The first part goes into the basics like tools, theories and techniques required to get into sci-fi art.

The second part, the Demos section features illustrations which are broken down into step-by-step sequences where you can follow along, or apply the techniques to your own creation. You'll learn how to draw humanoids, aliens, monsters, spaceships, vehicles, robots, spaceport, interiors and backgrounds.

There are tutorials on digital art creation as well as digital painting. The explanation is simple and easy to follow. There are plenty of practical tips and insights that address not just on how to create but also why it's done that way.

The final part of the book takes a concept "Space Opera" and develops the world around it, the story, characters and spaceships.

Extreme Worlds is a nice and simple beginner guide for artists who want to create their own sci-fi worlds.

-

You can check out more art from Francis Tsai on his website. I'm a follower of his blog and is really impressed with his intricate 3D models created using the free Google Sketchup, which are then painted over.

-

(More pictures are available on my blog. Just visit my Amazon profile for the link.)
4 of 4 people found the following review helpful
HASH(0xa48f6258) out of 5 stars Excellent resource Nov. 27 2009
By Stopher - Published on Amazon.com
Format: Paperback Verified Purchase
This is a fine place to begin to understand fantasy design for games and movies. Francis Tsai does a wonderful job of breaking down the fundamentals and helping the reader to grasp what makes an effective image. Along with his other book, "100 Ways to Create Fantasy Figures", you get an insight into what it takes to work in the industry and what will be expected of you. Well done and thank you Mr. Tsai!
2 of 2 people found the following review helpful
HASH(0xa3ef6da4) out of 5 stars Excelent book, good sequal April 11 2011
By Amazon Customer - Published on Amazon.com
Format: Paperback Verified Purchase
Over all this book was excellent, a nice follow up to Tsai's first book...100 Ways to Create Fantasy Figures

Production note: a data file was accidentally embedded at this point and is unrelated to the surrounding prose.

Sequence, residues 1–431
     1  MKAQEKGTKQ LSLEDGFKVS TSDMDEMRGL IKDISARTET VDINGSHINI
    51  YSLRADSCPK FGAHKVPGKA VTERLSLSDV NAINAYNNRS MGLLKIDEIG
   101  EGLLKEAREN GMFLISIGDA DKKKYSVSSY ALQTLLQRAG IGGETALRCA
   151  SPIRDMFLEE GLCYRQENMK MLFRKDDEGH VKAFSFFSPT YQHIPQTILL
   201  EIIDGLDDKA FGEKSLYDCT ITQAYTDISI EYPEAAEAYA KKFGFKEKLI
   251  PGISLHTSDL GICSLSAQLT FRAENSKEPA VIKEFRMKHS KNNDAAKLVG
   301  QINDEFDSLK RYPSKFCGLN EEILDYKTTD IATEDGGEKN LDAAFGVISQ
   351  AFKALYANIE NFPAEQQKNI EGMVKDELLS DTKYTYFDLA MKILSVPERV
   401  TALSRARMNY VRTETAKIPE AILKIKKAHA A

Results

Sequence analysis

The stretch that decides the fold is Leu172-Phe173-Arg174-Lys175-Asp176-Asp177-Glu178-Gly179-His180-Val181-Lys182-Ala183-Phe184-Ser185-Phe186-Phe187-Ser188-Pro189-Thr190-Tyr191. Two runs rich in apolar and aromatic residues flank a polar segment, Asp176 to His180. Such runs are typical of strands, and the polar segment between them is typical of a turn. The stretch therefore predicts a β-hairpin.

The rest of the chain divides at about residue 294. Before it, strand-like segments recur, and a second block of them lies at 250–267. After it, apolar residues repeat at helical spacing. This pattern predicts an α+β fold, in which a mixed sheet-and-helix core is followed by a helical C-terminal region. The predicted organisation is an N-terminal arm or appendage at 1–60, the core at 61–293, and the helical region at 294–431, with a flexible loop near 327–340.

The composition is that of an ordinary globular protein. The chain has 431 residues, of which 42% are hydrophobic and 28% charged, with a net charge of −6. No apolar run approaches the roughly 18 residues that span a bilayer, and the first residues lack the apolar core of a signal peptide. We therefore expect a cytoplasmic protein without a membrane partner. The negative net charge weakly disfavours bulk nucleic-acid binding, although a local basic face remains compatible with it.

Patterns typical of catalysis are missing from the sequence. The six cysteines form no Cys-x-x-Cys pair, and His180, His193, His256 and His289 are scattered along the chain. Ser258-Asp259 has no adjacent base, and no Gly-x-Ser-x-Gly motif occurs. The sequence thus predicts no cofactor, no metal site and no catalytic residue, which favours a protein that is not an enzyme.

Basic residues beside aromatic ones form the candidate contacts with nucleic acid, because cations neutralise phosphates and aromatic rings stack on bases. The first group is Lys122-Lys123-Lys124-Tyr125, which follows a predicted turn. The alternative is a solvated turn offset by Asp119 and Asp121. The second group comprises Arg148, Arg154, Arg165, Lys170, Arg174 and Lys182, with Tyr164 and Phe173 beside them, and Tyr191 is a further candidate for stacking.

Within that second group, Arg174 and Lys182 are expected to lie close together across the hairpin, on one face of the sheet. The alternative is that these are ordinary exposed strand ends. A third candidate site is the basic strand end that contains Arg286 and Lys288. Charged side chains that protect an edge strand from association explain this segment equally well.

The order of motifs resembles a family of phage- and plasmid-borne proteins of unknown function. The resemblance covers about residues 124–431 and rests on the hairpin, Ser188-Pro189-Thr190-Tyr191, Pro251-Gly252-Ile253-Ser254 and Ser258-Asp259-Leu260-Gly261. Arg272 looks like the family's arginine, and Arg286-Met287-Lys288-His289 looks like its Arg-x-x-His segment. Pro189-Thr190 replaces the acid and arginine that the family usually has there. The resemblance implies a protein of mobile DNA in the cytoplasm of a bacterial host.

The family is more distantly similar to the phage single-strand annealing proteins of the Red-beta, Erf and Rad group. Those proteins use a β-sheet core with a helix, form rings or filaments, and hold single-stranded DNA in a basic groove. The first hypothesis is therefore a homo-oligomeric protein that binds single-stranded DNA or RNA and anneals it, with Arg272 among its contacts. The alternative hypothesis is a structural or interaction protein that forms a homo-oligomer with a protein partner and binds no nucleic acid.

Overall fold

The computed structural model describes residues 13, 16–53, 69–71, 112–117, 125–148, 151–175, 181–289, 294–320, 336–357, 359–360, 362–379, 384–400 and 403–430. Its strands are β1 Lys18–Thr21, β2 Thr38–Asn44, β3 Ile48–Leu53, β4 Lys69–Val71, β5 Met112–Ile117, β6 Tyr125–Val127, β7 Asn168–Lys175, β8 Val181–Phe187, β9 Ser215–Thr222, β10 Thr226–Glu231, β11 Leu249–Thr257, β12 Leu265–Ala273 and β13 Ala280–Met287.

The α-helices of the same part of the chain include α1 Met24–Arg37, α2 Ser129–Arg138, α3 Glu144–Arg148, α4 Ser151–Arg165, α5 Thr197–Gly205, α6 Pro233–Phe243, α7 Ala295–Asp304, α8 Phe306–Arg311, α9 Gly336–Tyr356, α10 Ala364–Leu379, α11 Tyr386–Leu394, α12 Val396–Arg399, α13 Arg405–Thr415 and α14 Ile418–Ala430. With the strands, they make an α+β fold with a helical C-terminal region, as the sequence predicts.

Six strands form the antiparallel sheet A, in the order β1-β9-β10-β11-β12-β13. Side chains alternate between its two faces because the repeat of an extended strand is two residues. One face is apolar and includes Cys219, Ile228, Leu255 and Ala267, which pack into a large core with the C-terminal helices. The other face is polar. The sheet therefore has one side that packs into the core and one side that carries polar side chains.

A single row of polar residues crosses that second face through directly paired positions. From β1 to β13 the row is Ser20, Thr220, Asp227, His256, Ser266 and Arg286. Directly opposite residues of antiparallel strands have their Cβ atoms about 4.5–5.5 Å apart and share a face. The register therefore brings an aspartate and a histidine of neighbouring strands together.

In the first one it was more like a collection of different tips and suggestions, which was nice but not to directly useful or ground breaking really. This book however was much better both in terms of layout and content. It broke down the artists actual working process, which I have always found to be most helpful to be able to study. This is done through several examples of both character and vehicle sketches, from initial gesture through to finished painting. A good over view of science fiction art, and better than the usual "how to" book. Lot's of little gems an stuff in here to pick up on.

That said...this is not a book for a beginning artist. The examples within are not so much intended as "follow along" kind of how to draw techniques, but as a sample of a type of work flow that could be adapted and incorporated into your own. At least I think that is more the intent of them, but if nothing else just the artwork alone is a nice inspiration. This won't take you through the basics of drawing, and it is very specific...science fiction concept artwork...in it's subject matter. If you need basics, you have to look elsewhere...but for a more advanced art student, or even industry pro, this is a nice inspirational book that you might pick up a tip or two from.